The Reverend Elizabeth Bowyer
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Reflection for Easter 4

Opening Prayer:  Shepherding God, may the words on my lips be acceptable in your sight as we reflect together on your holy Word for us this day.  Amen.

Actions speak louder than words’ is a figure of speech that popped into my mind as I prepared for this morning’s reflection based on our readings for this, the fourth Sunday in the season of Easter. 

This figure of speech popped into my mind as a memory from my travelling days as a young woman found me and I recalled an act of great courage that played out right before my eyes. 

As it happened, many, many years ago when I was in my early twenties’, my father and I were being escorted to the train station by a distant cousin and his two small boys. 

As we made our way to the platform, I noticed my cousin’s wee boy making a mad dash for the train tracks just as our train was pulling in. 

In what seemed more like luck than judgment, my cousin raced after his wee son placing himself as a barrier between his young lad and the train track. 

Fortunately, no one was hurt and though nothing more was said at that moment, I remember to this very moment my cousin’s willingness to lay down his life for his wee son.

Indeed, actions do speak louder than words! 

Later on that same journey, I marvelled to my father about what we had just witnessed.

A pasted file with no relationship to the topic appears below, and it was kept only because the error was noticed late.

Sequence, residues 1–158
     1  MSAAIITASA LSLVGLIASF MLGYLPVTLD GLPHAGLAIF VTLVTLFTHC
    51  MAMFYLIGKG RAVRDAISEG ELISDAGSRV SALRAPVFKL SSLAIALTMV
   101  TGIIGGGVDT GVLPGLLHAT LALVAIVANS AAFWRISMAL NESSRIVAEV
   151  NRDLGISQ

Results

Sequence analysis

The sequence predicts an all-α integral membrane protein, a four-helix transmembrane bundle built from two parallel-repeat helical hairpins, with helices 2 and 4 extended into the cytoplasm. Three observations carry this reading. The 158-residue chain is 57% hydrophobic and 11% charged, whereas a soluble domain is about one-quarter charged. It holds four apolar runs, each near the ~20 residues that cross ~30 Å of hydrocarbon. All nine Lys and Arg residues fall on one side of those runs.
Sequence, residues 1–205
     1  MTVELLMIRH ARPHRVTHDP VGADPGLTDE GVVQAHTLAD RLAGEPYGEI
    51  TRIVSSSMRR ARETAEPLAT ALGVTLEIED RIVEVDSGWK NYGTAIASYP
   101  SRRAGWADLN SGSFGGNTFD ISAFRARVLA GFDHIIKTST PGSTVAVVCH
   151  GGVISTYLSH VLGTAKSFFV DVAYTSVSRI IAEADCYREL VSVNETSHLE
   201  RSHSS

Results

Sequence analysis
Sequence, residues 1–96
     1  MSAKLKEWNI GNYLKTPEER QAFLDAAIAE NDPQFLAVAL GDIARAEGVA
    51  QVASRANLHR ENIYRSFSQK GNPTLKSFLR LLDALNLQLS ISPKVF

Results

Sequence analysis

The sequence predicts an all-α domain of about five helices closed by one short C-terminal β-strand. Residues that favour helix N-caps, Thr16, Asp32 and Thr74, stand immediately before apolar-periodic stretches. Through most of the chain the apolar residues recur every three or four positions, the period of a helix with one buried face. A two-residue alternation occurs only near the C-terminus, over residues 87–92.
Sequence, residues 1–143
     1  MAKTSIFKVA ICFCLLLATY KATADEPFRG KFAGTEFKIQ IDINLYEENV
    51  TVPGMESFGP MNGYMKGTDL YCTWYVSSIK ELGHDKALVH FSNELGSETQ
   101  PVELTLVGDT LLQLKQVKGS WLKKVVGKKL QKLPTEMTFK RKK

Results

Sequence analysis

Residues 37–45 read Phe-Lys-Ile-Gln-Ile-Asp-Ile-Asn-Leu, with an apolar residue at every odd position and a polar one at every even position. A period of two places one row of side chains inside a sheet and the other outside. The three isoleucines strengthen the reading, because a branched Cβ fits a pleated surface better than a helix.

In his own taciturn way, my father shrugged and nodded.  “He did what any parent would do in the same circumstance.”  And, then more quietly, he said “I would have done the same for you if need be.” 

At that stage of life of my then young life, I considered myself pretty invincible and not in need of anyone laying down their life for me.  Still, my father’s quiet acknowledgment of his self-understanding as a parent and his devotion to my well being has long since informed my own life. 

Further to that, his words have shaped and modelled my own self-understanding as a mother over the many years since we had that meaningful conversation.

Turning now to our stories from scripture this day, that figure of speech, ‘actions speak louder than words’ comes to mind again as we reflect on their meaning for our personal lives and our life as a Christian community.

In our first reading from the early Church founders we have a story of life as it was for those first followers in the Way of Jesus.

It’s a story of their courageous and faithful living some 60 or so years after Jesus has walked the earth and as they eagerly await his return. 

Devoting themselves to the apostles’ teachings and pooling all their resources for the common good, they met regularly for fellowship, prayer, and the breaking of bread together in community.

Such actions, we’re told, resulted in the Lord adding to their number. 

And I am reminded again-oftentimes actions do speak louder than words!

Our good news from the gospel according to John this morning does, in fact, take that figure of speech in the opposite direction. 

Here, in this passage from John’s gospel entitled Jesus, the Good Shepherd, his words seem to speak as loudly if not more so than his actions.  

But that’s a common pattern in John’s gospel, isn’t it? 

Water is turned into wine and is then followed by a lengthy discourse on what really happened.  

Five thousand are fed and a lengthy discourse follows.

This morning’s reading is set in the aftermath of Jesus’ healing a blind beggar on the side of the road.